In which Tracy writes an unusually serious letter.

But which letter to choose?  C? R?  Perhaps I should write a number instead....

Dear Future Tracy,

When you were living in California after college, you were really unhappy, remember?  You spent most evenings and weekends at home on Skype with your boyfriend, unmotivated to do anything, scared to go out with people. 
Sometimes you hung out with friends of a friend, but you were so self-conscious and shy and intimidated that it was difficult to enjoy yourself.  You were just tired all the time.  Plus, you had no car.  The car thing proved a huge blow to your sense of self-worth and independence.  So did living at home, feeling like you were back in high school again.  Maybe you were just terrified that what you thought would only be a temporary living situation would stretch on and on indefinitely until you became stuck in it.  Maybe part of you thought that would be easier than pursuing what you really wanted...and Lord knows you were always interested in what was easiest, whatever required the least confrontation and interaction with people.

Work was a challenge, and not in a good way.  You didn't feel like you were good at your job, the parents and other teachers didn't seem to have much faith in you, and there were more days than you'd like to remember when you were nearly reduced to stinging, frustrated tears.  That work was clearly not your thing, so why did you stay at it so long?  You were afraid to quit, I think.  But why be afraid of leaving something that didn't make you happy, even if that meant taking a risk?  So teaching spoiled kindergarteners was not for you--for fuck's sake, be happy about that!  The other side of "Those who can't, teach" is "Those who can, do."  So do, already.  You are a writer.  It is the only way you can express yourself without feeling like an ass, and it's the only thing you've found that makes you feel like you are really, actually good at what you're doing.  Work as a receptionist or take some mindless job, but the rest of the time, write.  While you're at it, start performing and singing more.  You  love it.

Then again, it wasn't just the job that had you down.  You felt bad about yourself almost the whole time you were there.  You started becoming a very negative person--you, who were always the upbeat, optimistic girl, albeit fairly shy.  What's more, though, you partly believed that nothing was ever really going to happen to change your situation.  You were crippled by your self-doubt, your fear of your family's reactions and judgments on you--particularly your mother's.  Eventually it felt like you were disappointing everyone in your life no matter what you did, and you didn't even care if you disappointed yourself because you already felt so damn shitty all the time.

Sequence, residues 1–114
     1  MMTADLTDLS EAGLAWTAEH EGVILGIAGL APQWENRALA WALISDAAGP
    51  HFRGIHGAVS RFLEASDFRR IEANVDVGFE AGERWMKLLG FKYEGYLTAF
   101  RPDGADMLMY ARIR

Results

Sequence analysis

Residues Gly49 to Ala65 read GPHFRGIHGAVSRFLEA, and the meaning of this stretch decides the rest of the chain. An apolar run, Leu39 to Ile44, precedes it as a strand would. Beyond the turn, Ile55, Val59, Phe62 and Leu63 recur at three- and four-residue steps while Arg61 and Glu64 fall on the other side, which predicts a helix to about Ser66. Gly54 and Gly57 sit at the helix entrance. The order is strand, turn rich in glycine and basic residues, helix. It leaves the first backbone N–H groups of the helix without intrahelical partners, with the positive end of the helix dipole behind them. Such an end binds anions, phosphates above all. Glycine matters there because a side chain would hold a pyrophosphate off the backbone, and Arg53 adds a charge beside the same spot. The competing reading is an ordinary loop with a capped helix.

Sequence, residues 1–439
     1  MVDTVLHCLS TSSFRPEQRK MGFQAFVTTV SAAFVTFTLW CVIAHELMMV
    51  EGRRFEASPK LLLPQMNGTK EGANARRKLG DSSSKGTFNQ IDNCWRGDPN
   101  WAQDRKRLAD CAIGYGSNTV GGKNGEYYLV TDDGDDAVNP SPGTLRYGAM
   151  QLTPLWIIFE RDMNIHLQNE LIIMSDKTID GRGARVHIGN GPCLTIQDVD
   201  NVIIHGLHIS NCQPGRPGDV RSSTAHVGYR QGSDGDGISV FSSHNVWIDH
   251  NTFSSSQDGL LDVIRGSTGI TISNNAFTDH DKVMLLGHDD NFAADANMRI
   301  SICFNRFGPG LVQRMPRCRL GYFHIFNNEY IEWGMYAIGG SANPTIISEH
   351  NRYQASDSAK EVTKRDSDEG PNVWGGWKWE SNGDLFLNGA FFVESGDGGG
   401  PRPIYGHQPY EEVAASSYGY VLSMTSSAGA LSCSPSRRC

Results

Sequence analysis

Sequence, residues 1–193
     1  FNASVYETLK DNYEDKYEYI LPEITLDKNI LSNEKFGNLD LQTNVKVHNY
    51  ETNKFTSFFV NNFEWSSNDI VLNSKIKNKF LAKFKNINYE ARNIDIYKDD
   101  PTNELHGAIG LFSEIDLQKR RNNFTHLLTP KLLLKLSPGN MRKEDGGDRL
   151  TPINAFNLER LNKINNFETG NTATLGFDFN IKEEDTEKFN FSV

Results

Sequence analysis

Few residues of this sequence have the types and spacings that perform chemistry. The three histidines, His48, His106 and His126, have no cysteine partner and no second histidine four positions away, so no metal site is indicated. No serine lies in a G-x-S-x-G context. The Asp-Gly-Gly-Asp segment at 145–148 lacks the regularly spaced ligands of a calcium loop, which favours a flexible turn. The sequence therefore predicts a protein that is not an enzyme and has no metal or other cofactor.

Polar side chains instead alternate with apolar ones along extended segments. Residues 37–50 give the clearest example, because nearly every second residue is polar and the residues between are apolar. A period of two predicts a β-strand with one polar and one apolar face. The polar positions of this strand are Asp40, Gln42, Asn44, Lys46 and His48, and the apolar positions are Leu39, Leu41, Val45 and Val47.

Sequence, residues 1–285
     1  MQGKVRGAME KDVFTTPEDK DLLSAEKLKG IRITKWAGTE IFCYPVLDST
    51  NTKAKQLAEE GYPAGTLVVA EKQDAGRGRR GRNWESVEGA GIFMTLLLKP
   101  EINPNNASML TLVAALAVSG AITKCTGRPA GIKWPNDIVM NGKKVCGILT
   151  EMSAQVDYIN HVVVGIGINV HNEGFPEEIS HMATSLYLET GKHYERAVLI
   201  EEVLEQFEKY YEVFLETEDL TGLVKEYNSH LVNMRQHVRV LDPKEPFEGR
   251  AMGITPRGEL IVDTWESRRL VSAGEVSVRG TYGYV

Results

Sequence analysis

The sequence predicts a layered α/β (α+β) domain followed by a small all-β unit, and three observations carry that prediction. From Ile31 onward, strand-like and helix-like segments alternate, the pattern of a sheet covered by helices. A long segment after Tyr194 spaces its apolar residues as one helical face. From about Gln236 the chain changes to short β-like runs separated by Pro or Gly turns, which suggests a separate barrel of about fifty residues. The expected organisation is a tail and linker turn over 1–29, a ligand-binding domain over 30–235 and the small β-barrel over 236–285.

Oh, you distracted yourself for a while with music and books and the internet.  You let a phone-and-video-chat relationship placate you, instead of just moving to Pennsylvania right away.  And what was stopping you from doing that?  Was it seeing your old friends again?  Why, you would see them at Thanksgiving and Christmas before you moved in the next couple months.  Besides, when they all graduated, they weren't going to settle in California, anyway.  Was it availability of an apartment or job?  The Boy was on the spot to help you with that.  Leaving the school, perhaps?  Well, you started dreading work anyway, and once you quit you never had to see them again.  I know you worried about looking like you weren't capable enough to handle the job; but honey, I really hope your ego has gotten over that by now.  It was a tough job, and you did the best you could.  Everyone knew that.  And even though you probably still miss the kids and the other teachers, they just weren't enough to balance out the way you felt about yourself when you worked there.  So then, was it concern about your family and how they would judge your decisions?  Screw it.  You were twenty-one years old and living a life you hated.  If they knew that, would they really have asked you to stay there?  You hated watching tiny, harmless-looking waves of depression lapping at your toes, but you were just too damn tired to stand up and back away from them.  I'm glad to see you finally found the energy and the motivation.

The only reason I can really think of to stay would have been the beach.  But you can always visit.  Your mother will be pretty dang happy to see you.

I also want to say thanks, Future Tracy.  If you hadn't stood up at last and figured yo' shit out, I would still be working at the school and feelin' sad and lonely and helpless all the time.  And that's annoying just to think about.  Anyway, you're the best.  Thanks again.

Best wishes,
Past Tracy.


Dear Past Tracy:

Turns out, life sucks no matter what your situation is. But you do get to have Lemonheads for breakfast.


Future Tracy.

 Image via Monkey Mind.

No comments:

Post a Comment